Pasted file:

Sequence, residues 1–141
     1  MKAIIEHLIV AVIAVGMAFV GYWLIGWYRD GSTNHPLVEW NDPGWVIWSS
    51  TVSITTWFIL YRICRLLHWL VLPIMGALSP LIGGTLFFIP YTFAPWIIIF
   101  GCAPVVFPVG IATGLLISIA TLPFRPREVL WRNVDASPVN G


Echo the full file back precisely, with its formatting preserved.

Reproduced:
Sequence, residues 1–141
     1  MKAIIEHLIV AVIAVGMAFV GYWLIGWYRD GSTNHPLVEW NDPGWVIWSS
    51  TVSITTWFIL YRICRLLHWL VLPIMGALSP LIGGTLFFIP YTFAPWIIIF
   101  GCAPVVFPVG IATGLLISIA TLPFRPREVL WRNVDASPVN G